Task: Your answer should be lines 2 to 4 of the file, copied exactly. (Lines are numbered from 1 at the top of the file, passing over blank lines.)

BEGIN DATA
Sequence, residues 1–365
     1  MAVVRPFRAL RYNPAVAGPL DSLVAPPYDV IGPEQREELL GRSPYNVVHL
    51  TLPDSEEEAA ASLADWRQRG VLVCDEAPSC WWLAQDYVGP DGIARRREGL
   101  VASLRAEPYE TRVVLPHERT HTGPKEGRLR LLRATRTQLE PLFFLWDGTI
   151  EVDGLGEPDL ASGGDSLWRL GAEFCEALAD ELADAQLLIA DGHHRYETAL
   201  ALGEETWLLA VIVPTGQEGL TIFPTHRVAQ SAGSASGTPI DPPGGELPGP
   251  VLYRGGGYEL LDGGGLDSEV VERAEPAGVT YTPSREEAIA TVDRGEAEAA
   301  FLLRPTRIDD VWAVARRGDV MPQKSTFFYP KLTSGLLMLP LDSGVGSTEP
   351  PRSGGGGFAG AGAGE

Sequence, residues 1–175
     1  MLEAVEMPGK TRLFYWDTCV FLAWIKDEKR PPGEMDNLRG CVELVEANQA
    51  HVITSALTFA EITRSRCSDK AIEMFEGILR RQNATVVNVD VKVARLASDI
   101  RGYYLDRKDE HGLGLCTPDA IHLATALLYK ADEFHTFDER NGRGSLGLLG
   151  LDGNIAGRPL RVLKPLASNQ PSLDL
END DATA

     1  MAVVRPFRAL RYNPAVAGPL DSLVAPPYDV IGPEQREELL GRSPYNVVHL
    51  TLPDSEEEAA ASLADWRQRG VLVCDEAPSC WWLAQDYVGP DGIARRREGL
   101  VASLRAEPYE TRVVLPHERT HTGPKEGRLR LLRATRTQLE PLFFLWDGTI